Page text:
October 2016 Subrogation Newsletter
The Exclusive Remedy Rule is neither exclusive nor a remedy. What began as a cornerstone of the social insurance experiment known as workers’ compensation has become so riddled with leaks that employers and their insurers often give up on subrogation in order to protect themselves from liability they were never intended to bear. One of the biggest holes in the exclusive remedy dam is known as the Dual Capacity Doctrine. Like all of the other holes in the dam, it has gotten much bigger over the years. Understanding it is crucial to recovery efforts regardless of the state you are subrogating in.
Hawai’i. There is no place like it on earth. It is the most remote population center on the face of the planet, 2,400 miles from the nearest anything. There is so much unique about our 50th state that it is only fitting that subrogation there be both unique and challenging as well. Understanding Hawai’i and its people will help you understand why subrogation must be handled just a little differently in this remote location. As much as we’d like to think that subrogating in Hawai’i is no different than subrogating in Dubuque, Iowa, there are real, tangible differences, legally and culturally. This article is an overview of some important subrogation law in the State of Hawai’i.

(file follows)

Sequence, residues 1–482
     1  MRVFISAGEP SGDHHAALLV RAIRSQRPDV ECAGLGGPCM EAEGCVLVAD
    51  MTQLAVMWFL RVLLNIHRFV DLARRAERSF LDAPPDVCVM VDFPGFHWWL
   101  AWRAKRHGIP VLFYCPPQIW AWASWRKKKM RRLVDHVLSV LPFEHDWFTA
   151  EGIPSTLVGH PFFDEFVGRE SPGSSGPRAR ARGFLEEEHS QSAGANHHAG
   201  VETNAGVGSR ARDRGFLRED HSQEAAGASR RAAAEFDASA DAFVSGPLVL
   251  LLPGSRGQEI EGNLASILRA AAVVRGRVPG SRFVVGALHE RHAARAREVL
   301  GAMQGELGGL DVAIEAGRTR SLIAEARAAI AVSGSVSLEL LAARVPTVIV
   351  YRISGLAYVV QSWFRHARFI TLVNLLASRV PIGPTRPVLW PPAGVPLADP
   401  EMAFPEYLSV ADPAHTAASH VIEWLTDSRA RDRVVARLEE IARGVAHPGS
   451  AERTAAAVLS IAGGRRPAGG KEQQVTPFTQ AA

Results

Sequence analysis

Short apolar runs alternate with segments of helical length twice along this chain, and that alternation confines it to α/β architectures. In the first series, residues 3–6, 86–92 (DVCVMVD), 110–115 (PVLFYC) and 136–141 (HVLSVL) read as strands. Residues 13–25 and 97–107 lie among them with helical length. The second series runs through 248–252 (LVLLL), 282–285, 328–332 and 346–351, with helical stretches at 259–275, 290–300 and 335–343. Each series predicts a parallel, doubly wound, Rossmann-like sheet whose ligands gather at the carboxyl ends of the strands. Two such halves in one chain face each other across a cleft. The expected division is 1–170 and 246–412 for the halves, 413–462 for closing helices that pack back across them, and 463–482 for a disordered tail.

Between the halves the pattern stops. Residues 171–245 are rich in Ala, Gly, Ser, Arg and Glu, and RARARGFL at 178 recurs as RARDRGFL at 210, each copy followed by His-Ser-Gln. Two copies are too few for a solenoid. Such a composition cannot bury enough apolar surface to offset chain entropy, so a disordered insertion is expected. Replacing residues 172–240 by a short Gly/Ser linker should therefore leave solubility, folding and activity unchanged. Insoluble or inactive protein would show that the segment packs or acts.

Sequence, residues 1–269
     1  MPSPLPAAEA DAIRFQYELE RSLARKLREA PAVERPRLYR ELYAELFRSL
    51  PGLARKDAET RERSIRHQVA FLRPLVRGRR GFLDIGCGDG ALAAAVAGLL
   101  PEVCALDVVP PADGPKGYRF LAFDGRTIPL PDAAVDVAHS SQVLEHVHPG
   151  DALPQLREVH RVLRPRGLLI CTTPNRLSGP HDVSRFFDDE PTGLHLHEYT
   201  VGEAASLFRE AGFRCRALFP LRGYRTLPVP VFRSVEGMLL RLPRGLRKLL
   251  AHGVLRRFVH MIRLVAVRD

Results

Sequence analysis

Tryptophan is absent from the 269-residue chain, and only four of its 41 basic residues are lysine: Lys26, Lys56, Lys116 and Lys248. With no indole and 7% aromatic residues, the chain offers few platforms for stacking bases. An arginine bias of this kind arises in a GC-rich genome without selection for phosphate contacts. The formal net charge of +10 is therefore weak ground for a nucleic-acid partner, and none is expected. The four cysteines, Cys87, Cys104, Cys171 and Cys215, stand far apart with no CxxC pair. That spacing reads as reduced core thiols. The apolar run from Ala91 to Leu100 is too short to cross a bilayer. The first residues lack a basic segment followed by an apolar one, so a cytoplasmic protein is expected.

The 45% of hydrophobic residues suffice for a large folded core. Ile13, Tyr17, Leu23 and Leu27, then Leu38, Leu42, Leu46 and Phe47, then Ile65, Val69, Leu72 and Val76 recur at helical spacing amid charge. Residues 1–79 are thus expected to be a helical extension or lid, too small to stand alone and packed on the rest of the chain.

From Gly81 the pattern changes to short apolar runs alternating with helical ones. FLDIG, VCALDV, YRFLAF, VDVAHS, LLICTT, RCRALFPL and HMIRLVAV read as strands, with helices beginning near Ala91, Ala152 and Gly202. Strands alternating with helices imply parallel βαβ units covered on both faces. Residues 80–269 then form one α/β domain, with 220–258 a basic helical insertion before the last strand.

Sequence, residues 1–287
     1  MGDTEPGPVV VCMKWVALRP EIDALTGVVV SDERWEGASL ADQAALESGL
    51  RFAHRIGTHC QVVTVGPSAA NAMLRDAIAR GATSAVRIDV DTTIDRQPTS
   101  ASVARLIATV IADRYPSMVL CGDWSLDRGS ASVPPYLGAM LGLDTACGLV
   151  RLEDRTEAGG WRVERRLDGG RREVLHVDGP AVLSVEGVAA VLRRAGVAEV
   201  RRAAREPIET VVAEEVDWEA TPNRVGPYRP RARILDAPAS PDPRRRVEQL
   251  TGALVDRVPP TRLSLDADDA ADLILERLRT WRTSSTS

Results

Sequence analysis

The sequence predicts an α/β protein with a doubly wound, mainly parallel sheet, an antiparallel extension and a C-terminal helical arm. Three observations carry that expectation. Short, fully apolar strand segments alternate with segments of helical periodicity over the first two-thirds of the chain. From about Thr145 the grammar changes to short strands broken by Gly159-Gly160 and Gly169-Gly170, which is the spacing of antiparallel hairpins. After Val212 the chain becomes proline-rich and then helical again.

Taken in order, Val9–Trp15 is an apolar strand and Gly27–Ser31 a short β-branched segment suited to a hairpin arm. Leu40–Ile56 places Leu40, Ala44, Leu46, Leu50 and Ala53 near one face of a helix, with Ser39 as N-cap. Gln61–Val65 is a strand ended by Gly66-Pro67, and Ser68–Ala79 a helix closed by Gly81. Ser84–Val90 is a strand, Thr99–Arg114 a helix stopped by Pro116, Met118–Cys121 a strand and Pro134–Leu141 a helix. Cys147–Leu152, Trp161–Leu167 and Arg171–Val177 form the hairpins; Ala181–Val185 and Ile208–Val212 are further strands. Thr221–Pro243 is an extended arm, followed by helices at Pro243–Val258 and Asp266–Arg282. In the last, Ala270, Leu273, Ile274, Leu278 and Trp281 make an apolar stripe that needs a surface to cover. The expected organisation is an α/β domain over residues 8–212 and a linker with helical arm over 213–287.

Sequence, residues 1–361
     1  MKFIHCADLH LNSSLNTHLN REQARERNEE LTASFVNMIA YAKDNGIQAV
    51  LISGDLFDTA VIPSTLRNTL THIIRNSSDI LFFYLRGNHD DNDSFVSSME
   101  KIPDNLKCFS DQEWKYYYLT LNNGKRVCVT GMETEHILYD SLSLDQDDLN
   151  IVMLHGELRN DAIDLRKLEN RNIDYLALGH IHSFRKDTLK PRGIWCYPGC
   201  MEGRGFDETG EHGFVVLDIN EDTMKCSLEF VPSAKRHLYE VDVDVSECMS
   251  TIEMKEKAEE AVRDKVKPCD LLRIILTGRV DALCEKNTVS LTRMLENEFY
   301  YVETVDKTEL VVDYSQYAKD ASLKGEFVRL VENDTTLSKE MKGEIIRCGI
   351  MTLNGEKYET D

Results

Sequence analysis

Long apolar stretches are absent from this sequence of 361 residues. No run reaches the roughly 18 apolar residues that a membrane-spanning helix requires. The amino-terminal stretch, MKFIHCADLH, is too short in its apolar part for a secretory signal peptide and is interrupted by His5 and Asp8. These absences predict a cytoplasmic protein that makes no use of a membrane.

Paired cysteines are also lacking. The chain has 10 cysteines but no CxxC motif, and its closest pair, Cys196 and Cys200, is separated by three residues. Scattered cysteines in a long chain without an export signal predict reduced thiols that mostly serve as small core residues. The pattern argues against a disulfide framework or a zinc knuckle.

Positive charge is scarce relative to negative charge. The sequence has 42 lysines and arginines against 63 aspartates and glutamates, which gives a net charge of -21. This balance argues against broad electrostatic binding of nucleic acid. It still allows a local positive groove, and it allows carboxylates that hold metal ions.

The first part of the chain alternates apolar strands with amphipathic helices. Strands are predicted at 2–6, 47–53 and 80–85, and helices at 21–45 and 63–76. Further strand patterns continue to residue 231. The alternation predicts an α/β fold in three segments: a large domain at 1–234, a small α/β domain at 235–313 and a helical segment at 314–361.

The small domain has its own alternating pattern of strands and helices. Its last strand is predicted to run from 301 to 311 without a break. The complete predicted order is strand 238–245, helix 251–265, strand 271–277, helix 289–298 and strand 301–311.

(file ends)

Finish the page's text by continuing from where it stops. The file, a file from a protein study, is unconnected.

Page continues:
A recent Texas Court of Appeals decision parsing the wording of a workers’ compensation policy’s waiver of subrogation endorsement reminds us that, like an onion, a waiver endorsement has many layers and should be peeled back fully before giving up on subrogation and/or reimbursement potential. Even when there is a waiver endorsement in the policy, you must peel back the layers of the endorsement and compare each layer to the facts of your case in order to determine whether your subrogation file should be closed.